Everyone is looking for something. And our search becomes a habit. If we’re looking for the wrong thing, it’s a bad habit. What is the wrong thing? Misery! Why are so many straining their eyes in search of it? They love to report all that’s ‘wrong’ with the world. They gloat with each new discovery they make. Why do they insist on wallowing in misery? Just because they have a can opener, do they have to open every can of worms? True, they may derive a degree of masochistic pleasure, but wouldn’t true happiness be a better prize? How can we discover goodness and sources for joy unless we look for them? So, if we are not experiencing happiness, we need to change our habit of looking for the bad to the habit of looking for the good. For it is only then that we will find it.
Another big help is to approach our ‘problems’ with a sense of humor. When we can laugh at ourselves and our predicament, we will be free of stress, which paves the way for clear thinking and the discovery of solutions. You have as much chance to think straight when upset as you have to think clearly while clenching your teeth in frustration. If you want to make it easier to arrive at solutions, learn to laugh and how to relax.
Any human activity, including problem solving, requires energy. It’s not very helpful if you don’t have enough to dig yourself out of your current dilemma. Don’t try to run away from problems or suppress them, for all that does is deplete you of the energy you need to solve them. It is only by facing them squarely that we can examine them in sufficient detail to uncover their solution.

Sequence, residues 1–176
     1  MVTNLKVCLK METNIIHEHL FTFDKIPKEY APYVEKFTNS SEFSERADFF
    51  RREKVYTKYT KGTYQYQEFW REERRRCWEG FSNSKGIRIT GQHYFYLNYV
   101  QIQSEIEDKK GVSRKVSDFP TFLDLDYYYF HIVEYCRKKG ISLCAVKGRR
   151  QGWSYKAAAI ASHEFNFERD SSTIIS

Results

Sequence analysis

Another clue to problem solving was given by Henry Ford (1863 ~ 1947) when he said, “There are no big problems; there are just a lot of little problems.” In other words, each big problem is simply a series of smaller ones, each of which is easier to solve than a big problem. So, break down your problem and start tackling the easiest of the smaller ones and work your way up.
Pinning the blame on others, or circumstances, or life in general only perpetuates our problems. Once we acknowledge that there is something wrong with our viewpoint, we can do something about it. Once we see ‘problems’ as opportunities, things change. After all, if we want an ocean of opportunity, we have to accept the fact that we will be knocked about by the waves. And as we grow skillful, we will learn to ride them. At that point there are no more problems, for only thrills and adventure await those with courage and vision.
Chuck Gallozzi lived, studied, and worked in Japan for 15 years, immersing himself in the wisdom of the Far East and graduating with B.A. and M.A. degrees in Asian Studies. He is a Certified NLP Practitioner, speaker, seminar leader, and coach. Corporations, church groups, teachers, counsellors, and caregivers use his more than 400 articles as a resource to help others. Among his diverse accomplishments, he is also the Grand Prix Winner of a Ricoh International Photo Competition, the Canadian National Champion of a Toastmasters International Humorous Speech Contest, and the Founder and Head of the Positive Thinkers Group that has been meeting at St. Michael’s Hospital, Toronto since 1999. His articles are published in books, newsletters, magazines, and newspapers. He was interviewed on CBC’s “Steven and Chris Show,” appearing nationally on Canadian TV. Chuck can be contacted at email@example.com. View his photography at https://500px.com/chuckgallozzi